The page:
• Your VAWA rights are still protected during COVID-19. If a household member is engaging in criminal activity directly related to a VAWA crime, contact your PHA or owner to discuss the options available to you.

What is the safest and most confidential way to communicate with a PHA in cases where the perpetrator is a member of the household?

  • Please let the PHA know the safest way to communicate with you. All information shared with the PHA must be held in strict confidence.

Does this mean that a VAWA victim cannot be evicted or have their assistance terminated?

  • No, VAWA does not prohibit a PHA or owner from evicting or terminating assistance for violations not premised on a VAWA crime. The PHA or owner must hold you to the same standard as other tenants. The PHA/owner may still evict you for serious or repeated lease violations not based on VAWA or if the PHA/owner can demonstrate that there is an actual and imminent threat other tenants or staff.

Is the PHA required to tell me about my VAWA housing protections?

  • Yes, your PHA must inform you of your VAWA protections no later than when you are denied admission or assistance, when you are provided assistance, and when you receive notification of termination of assistance.

What should I do If I am upset, in crisis, or want to talk to someone right away?

  • For help regarding an unsafe abusive relationship, you may call the National Domestic Violence Hotline at 1-800-799-7233 or, for persons with hearing impairments, 1-800-787-3224 (TTY) or text LOVEIS to 22522.
  • For help regarding sexual assault, you may contact the National Sexual Assault Hotline (RAINN) at 1-800- 656-4673.

Additional Resources:


Services and Resources

The Disaster Distress Helpline - 1 (800) 985-5990 - is a national hotline dedicated to providing immediate crisis counseling for people who are experiencing emotional distress related to any natural or human-caused disaster.

National Domestic Violence Hotline - https://www.thehotline.org or 1 (800) 799−7233 or TTY 1 (800) 787−3224 - is a confidential hotline for anyone experiencing domestic violence, looking for information, or questioning unhealthy aspects of their relationship. If you can't speak safely on the phone, text LOVEIS to 1 (866) 331-9474 or visit the website to start an online chat.

211 - Dial 211 from any phone or visit 211.org and search by zip code - is a hotline that can connect you to emergency assistance and other supportive services in your community. All calls are confidential, can be made anonymously, and callers can request translations services for 180 languages.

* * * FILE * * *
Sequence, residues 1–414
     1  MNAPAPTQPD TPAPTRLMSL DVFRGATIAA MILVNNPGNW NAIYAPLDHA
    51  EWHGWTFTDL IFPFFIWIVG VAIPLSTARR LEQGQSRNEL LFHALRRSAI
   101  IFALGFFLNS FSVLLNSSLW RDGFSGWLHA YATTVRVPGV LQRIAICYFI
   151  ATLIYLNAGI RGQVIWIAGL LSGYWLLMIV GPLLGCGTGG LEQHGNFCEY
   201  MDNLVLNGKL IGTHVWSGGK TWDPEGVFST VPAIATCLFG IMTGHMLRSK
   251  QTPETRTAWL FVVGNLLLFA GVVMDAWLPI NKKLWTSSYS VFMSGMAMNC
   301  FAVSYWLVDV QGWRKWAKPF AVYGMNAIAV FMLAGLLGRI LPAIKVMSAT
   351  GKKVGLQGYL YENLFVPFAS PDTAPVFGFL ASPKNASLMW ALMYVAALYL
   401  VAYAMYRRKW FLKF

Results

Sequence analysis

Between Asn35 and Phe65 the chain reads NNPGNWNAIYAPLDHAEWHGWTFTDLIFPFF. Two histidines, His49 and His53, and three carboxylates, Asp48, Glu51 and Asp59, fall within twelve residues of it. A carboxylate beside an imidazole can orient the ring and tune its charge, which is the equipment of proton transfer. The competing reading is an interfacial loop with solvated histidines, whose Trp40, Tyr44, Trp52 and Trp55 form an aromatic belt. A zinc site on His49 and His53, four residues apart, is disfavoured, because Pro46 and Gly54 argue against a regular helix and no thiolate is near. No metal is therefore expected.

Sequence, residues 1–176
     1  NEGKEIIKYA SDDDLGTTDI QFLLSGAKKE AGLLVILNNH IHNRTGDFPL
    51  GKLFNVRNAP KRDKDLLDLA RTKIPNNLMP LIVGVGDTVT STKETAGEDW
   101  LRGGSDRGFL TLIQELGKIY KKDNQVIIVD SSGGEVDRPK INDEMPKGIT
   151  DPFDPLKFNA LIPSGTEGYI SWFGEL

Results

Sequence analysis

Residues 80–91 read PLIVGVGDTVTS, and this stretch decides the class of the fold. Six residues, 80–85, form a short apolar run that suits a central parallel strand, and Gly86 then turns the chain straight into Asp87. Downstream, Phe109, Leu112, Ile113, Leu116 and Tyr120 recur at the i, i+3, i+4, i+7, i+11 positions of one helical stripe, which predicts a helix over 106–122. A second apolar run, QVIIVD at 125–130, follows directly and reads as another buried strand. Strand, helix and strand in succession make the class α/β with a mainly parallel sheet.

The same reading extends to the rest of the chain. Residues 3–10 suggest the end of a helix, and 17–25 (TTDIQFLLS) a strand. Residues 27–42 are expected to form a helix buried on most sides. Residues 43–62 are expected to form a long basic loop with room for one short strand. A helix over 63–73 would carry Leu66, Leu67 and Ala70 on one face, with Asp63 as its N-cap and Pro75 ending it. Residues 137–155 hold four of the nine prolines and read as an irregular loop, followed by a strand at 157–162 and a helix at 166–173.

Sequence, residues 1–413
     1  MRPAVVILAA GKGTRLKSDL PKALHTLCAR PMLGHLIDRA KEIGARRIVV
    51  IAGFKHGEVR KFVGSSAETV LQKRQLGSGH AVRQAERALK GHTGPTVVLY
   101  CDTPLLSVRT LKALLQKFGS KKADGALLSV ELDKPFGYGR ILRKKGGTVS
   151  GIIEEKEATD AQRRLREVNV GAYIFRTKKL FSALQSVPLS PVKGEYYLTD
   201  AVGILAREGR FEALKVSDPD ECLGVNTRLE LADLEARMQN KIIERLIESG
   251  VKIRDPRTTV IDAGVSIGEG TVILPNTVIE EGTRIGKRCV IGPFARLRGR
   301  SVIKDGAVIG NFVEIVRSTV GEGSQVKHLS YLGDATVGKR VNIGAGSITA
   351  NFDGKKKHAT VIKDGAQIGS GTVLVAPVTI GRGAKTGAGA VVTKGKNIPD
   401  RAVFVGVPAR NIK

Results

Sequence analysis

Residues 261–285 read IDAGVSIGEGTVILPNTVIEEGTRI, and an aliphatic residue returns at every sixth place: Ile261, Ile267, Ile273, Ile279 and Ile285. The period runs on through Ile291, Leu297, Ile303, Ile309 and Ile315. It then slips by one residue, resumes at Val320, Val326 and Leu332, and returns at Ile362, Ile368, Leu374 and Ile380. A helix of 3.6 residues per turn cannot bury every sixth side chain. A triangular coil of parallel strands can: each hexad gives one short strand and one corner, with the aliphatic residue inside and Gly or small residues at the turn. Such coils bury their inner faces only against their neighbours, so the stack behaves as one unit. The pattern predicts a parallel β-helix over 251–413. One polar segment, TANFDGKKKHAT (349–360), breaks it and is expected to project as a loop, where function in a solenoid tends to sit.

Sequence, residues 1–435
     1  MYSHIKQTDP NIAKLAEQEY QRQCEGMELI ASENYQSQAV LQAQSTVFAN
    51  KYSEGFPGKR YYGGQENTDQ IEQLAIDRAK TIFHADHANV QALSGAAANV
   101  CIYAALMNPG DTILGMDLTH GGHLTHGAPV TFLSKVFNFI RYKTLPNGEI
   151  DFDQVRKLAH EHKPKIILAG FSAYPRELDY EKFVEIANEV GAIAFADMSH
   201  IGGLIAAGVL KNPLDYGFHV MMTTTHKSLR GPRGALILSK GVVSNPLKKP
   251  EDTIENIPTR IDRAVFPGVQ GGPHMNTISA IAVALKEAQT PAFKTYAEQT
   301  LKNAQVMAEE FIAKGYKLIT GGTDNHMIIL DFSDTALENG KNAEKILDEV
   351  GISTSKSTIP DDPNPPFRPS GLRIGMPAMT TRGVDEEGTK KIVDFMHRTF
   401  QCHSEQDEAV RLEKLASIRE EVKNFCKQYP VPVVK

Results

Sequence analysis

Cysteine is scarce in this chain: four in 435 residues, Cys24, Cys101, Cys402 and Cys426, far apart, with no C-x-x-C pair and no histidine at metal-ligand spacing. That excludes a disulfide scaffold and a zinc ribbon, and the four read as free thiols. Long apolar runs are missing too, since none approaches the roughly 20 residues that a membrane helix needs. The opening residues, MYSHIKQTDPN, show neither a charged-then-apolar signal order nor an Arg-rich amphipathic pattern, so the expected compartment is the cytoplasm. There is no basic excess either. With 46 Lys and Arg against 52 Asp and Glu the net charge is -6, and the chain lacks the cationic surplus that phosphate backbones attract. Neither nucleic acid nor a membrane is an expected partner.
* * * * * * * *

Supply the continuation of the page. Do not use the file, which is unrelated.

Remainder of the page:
Unemployment Insurance - www.usa.gov/unemployment - Find out if you are eligible for unemployment benefits. New federal law provides unemployment benefits for self-employed and gig workers, adds an additional $600 to weekly benefits, and adds an extra 13 weeks of benefits to the number of weeks a state currently provides. Plus, states are allowed to provide unemployment benefits related to COVID-19, such when a person leaves employment due to a risk of exposure or infection or to care for a family member; an employer temporarily stops operations due to COVID-19, which means employees can't go to work; or a person is quarantined but expects to return to work after the quarantine is over.

Career One Stop Unemployment Benefits Finder - www.careeronestop.org/LocalHelp/UnemploymentBenefits - Find out how to apply for unemployment benefits in your state.

Economic Impact Payments - https://www.irs.gov/coronavirus/get-my-payment - Find out if you are eligible for an Economic Impact Payment ranging from $1,200 to $2,400 (even more with qualifying dependents).

Free Tax Preparation - https://irs.treasury.gov/freetaxprep - Get free help filing your taxes, provided by trained volunteers.

Community Action Agency - https://communityactionpartnership.com/find-a-cap/ - Contact your local Community Action Agency to find out what services they might offer, such as emergency payment assistance for rent or utilities.

Help with Bills - www.usa.gov/help-with-bills - Learn about government programs to help pay for home energy bills and other expenses.

Temporary Assistance for Needy Families (TANF) - https://www.benefits.gov/benefit/613

Childcare - https://www.childcare.gov/covid-19 - provides information about childcare resources in your state, including help finding childcare.

Immediate jobs available due to COVID-19 - https://needajobnow.usnlx.com - is a web site listing jobs from verified employers looking to fill positions now.